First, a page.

"Their constant and systematic targeting of diverse cities and states goes beyond constitutional norms and will be challenged at every level," he said.

Leaders in Chicago and Cook County, which shared a grant of more than $2.3 million in 2016, dismissed the threat. So did the mayor's office in New York City, which received $4.3 million. The Justice Department singled out Chicago's rise in homicides and said New York's gang killings were the "predictable consequence of the city's soft-on-crime stance."

"This grandstanding shows how out of touch the Trump administration is with reality," said Seith Stein, a spokesman for the New York City mayor's office, calling the comments "alternative facts." Crime is low thanks to policies that encourage police cooperation with immigrant communities, he said.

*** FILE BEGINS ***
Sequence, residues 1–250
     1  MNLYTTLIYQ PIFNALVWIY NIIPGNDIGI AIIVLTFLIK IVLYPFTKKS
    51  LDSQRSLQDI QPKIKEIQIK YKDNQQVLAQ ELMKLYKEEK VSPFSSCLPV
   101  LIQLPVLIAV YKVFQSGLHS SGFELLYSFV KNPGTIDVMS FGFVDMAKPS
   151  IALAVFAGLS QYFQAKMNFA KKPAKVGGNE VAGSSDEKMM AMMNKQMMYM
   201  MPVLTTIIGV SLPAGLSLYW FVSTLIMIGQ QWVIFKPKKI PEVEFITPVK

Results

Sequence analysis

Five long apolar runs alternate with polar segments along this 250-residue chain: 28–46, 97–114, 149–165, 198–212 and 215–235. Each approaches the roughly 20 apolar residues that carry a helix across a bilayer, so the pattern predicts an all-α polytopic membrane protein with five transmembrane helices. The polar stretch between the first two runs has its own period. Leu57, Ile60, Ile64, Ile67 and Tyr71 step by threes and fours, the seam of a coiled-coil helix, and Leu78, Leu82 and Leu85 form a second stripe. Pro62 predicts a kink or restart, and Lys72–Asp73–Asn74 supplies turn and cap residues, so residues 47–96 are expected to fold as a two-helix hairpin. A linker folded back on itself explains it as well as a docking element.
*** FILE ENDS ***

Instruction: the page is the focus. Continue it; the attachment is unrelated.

The jurisdictions also include Clark County, Nevada; Miami-Dade County, Florida; and Milwaukee County, Wisconsin.

They were singled out in a May 2016 report by the Justice Department's inspector general that found local policies or rules could interfere with providing information to immigration agents. Following the report, the Obama administration warned cities that they could miss out on grant money if they did not comply with the law, but it never actually withheld funds.

The report pointed to a Milwaukee County rule that immigration detention requests be honored only if the person has been convicted of one felony or two misdemeanors, has been charged with domestic violence or drunken driving, is a gang member, or is on a terrorist watch list, among other constraints.